Over the years, I have given a lot of thought to fire. In many ways, fire is the basis of humanity. We mastered fire and it led to many evolutionary changes in us. Cooked food, for example, changed out hunting and gathering patterns. Fire allowed us to survive in climates we normally couldn’t. It provided light to allow us to work within the dark. And to discover that the dark wasn’t nearly so empty as we might have believed.
Now, of course, we have electricity for all that. Flashlights (torches for our British cousins), lamps, florescent bulbs, neon, whole cities shining bright as the sun in the middle of the night. That’s modern life. But fire…it still holds a primal fascination and a primal fear. We know fire can hurt us, but we also are captivated by it, whether it’s a candle light or a roaring bonfire.
Well, turns out there’s an answer. Not as romantic as we might like, but it all comes down to not mastering fire as a child. In fact, it’s not a universal fascination. Children who grow up in parts of the world where fire is still commonly used in day to day life aren’t at all fascinated by fire. Meanwhile, those of us in the West (and, to be fair, the East too – Japanese children certainly don’t play around with fire any more than an American child does) are just utterly captivated by the dancing flames.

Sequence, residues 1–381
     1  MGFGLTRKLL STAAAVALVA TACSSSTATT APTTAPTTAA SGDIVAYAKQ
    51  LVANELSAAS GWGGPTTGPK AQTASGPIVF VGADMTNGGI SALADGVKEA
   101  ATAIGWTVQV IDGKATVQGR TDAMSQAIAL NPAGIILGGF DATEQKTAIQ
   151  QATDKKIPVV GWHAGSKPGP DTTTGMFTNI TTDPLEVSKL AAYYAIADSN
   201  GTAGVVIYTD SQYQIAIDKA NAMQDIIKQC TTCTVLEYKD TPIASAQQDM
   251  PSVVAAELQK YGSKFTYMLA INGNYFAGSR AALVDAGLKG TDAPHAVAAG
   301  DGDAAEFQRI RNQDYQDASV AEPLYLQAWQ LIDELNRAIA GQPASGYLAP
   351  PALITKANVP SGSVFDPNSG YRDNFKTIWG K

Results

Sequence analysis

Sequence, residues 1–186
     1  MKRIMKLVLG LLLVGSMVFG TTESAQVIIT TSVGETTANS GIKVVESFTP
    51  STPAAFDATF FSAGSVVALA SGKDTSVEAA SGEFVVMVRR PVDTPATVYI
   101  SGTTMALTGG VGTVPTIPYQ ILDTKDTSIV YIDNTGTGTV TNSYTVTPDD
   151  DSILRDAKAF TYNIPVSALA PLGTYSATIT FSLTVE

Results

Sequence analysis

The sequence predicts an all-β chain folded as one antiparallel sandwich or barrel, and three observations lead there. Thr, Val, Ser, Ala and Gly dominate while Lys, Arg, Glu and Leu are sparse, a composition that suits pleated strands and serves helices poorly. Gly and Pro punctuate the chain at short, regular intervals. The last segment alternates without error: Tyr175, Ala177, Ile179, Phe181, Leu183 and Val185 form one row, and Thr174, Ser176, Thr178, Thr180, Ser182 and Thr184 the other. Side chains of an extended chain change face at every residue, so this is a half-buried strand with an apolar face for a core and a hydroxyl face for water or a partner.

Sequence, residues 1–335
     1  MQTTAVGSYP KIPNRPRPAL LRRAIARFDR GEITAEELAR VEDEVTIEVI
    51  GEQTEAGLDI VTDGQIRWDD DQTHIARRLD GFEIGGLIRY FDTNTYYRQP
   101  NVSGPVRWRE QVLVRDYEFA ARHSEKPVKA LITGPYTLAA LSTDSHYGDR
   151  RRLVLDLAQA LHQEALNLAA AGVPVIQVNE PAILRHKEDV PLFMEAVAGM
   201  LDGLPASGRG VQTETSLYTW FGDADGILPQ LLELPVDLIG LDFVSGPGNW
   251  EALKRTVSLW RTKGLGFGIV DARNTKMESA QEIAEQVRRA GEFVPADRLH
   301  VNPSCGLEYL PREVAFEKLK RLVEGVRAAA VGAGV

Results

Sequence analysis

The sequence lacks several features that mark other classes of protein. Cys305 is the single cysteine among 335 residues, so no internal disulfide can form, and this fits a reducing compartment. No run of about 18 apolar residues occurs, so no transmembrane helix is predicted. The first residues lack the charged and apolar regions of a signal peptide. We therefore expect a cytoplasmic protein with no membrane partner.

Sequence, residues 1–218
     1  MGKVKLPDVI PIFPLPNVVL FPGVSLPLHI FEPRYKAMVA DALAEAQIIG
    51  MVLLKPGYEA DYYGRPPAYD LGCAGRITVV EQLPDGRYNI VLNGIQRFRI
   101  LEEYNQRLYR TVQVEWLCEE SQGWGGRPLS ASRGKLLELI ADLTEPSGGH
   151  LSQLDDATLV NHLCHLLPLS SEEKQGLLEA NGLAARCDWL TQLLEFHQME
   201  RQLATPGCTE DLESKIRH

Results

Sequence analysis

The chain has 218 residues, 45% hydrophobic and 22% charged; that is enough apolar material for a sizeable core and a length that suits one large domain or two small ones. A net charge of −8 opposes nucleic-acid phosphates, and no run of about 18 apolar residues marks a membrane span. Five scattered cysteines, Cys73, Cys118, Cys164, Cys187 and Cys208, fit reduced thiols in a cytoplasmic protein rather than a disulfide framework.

It is an evolutionary instinct – we instinctively know fire is dangerous and we need to pay attention to it. This is also the reason children like predatory animals. Tigers, lions, wolves…all predators we are genetically conditioned to pay attention to. But when those same animals are “safe” (or stuffed or on TV, etc), it goes from fear-based watchfulness to full blown fascination. The same holds true for fire. Granted fire can and does still get out of control – cooking related fire is the leading cause of house fires – but generally we have invested a great deal as a society to keep ourselves safe from fire.
I want to leave you with a single thought…if the fascination with fire comes mostly from a childhood where we do not learn to master that basic human tool…
…how does that explain Michael Bay?